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(Warning, предупреждение, попередження, avertissement (and whatever your language is): English is not my primary language. I wrote this through a translator).

I need to run about 7 virtual machines via QEMU. Each virtual machine runs Debian and has Steam in auto start. The goal of this is to run a particular game from a different account's on each of these machines.

The problems start as soon as each of the virtual machines tries to log into the steam account. It just gives a login error everywhere.

As it turns out, if you type "what is my IP" into google, it will show the same address on both the host and the virtual machine.

I decided to do a test - ran two virtual machines at the same time. In the first one everything as usual, in the second I enabled wireguard as a vpn. In the end, this test went perfectly: all two machines were able to log into their accounts.

Now a question: is it possible to give a random public address to each of the machines?

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  • so, ip a shows the same IP address for all of them? Do you have enough "public" IP addresses for them to have a unique one? Commented Apr 2, 2023 at 9:11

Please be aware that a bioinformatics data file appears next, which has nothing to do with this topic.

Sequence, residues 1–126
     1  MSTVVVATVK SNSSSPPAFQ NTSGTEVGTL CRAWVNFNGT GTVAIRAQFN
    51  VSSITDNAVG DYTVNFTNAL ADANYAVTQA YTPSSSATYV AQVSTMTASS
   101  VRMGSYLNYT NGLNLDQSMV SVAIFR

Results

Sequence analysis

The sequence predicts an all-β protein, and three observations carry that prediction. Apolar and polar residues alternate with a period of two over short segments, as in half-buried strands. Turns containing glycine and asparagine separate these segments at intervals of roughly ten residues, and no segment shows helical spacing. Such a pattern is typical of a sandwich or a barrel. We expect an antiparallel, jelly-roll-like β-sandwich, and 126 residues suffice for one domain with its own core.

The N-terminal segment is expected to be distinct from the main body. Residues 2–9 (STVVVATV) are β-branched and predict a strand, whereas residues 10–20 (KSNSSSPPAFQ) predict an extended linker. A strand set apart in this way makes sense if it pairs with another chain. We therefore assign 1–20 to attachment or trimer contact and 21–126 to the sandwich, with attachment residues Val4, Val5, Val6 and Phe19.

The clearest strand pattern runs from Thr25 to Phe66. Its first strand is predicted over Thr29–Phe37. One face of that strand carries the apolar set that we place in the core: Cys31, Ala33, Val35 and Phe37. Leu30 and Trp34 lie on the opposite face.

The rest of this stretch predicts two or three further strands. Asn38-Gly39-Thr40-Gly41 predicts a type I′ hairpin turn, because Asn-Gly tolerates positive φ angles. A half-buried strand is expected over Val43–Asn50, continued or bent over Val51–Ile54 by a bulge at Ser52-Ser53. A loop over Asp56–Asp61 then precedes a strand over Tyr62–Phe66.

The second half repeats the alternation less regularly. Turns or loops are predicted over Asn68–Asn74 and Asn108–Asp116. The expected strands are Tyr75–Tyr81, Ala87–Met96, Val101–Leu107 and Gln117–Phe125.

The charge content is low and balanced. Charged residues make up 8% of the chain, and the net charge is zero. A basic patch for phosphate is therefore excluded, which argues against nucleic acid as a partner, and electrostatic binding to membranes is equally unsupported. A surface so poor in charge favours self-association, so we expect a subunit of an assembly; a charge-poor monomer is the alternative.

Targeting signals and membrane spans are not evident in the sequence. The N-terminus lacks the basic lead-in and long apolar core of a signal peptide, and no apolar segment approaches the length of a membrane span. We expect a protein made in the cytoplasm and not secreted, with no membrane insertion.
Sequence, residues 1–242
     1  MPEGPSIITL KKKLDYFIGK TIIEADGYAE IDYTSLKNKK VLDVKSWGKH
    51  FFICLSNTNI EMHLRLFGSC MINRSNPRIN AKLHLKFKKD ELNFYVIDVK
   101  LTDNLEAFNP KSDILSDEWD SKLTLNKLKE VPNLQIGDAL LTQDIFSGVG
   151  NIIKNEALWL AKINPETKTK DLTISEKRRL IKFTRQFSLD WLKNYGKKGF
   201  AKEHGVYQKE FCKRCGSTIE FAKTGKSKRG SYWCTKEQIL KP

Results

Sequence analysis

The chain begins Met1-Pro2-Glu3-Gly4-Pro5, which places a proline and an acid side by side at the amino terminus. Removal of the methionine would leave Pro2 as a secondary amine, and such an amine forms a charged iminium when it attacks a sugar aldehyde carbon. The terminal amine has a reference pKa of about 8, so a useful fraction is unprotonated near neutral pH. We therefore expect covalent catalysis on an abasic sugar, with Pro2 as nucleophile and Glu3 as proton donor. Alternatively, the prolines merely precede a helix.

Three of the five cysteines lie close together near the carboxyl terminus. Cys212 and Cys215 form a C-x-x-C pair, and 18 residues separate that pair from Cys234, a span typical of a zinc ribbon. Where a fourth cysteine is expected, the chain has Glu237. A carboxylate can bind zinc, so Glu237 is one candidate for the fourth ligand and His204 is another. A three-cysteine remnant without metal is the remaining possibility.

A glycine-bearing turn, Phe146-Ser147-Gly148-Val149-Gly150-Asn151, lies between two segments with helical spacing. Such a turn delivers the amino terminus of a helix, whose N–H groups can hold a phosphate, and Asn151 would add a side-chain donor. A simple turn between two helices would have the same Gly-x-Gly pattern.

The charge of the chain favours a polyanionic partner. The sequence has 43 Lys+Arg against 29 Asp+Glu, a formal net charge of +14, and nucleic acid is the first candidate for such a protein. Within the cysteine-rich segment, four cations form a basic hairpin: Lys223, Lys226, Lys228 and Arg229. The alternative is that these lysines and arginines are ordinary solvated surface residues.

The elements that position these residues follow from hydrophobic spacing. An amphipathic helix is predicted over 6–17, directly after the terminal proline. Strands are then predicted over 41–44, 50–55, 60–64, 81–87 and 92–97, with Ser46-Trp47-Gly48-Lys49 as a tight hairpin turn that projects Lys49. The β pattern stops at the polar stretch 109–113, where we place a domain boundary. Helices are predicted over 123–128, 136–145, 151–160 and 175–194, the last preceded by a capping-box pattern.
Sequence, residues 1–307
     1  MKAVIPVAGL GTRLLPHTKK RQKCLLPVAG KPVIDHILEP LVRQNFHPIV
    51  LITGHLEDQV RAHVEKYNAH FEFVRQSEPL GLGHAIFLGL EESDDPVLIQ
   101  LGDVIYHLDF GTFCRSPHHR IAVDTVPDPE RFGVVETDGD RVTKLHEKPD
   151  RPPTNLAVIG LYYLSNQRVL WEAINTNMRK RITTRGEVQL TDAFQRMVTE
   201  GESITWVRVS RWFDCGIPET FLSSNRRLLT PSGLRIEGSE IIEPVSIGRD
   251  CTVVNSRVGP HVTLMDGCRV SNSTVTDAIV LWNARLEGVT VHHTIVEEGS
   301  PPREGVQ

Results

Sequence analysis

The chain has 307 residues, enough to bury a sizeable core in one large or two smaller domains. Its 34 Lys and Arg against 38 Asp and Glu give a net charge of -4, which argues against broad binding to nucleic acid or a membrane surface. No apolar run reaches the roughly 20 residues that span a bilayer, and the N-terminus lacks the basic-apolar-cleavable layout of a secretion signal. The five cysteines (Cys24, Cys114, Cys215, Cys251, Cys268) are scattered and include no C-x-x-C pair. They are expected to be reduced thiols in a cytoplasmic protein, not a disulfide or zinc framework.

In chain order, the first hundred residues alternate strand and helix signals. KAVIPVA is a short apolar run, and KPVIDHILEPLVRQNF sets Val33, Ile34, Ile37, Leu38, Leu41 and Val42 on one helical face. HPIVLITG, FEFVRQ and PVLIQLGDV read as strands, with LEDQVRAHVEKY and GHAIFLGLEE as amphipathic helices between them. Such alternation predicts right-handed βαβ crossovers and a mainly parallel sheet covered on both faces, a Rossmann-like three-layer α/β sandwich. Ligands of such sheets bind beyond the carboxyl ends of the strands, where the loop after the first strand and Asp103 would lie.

• @jaromanda-x, That's not what I meant. If you google "what is my ip" they have the same address. I'm not very good at networking, so I don't know if it's possible to assign a different address to each machine
    – wineT
    Commented Apr 2, 2023 at 9:37
  • You don't need a unique public IP for each qemu instance because it's normal that multiple PCs share one public IPv4 address.
    – zomega
    Commented Apr 2, 2023 at 11:40
  • @peregrino69, done. I think this counts.
    – wineT
    Commented Apr 2, 2023 at 13:46

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Giving random public IPs to different systems isn't possible. IP addresses are managed by IANA. They've been assigned as blocks for local entities, who further assign them locally.

For example a local ISP has been assigned address range 203.0.113.0/24. They provide IP addresses for their customers, and it's assigned to the customer's internet-facing router, such as yours.

The LAN IP address range your router uses is most likely 192.168.1.0/24, i.e. every system in your local network has an unique IP in this range. When they access the Internet, the router performs NAT. As a result every system in your local network appears to the internet with the same IP address - your router's.

The only way you can get more public IP addresses is contracting them from your ISP.

The problem with logins isn't your IP. As I'm writing this, I'm logged on to my Steam account from my Debian laptop and 2 Debian VMs running on it, MacBook and a Windows laptop. No Wireguard or other tricks, just Steam client. As everything runs through the same router, all 5 systems connect to the internet with one single public IP address.

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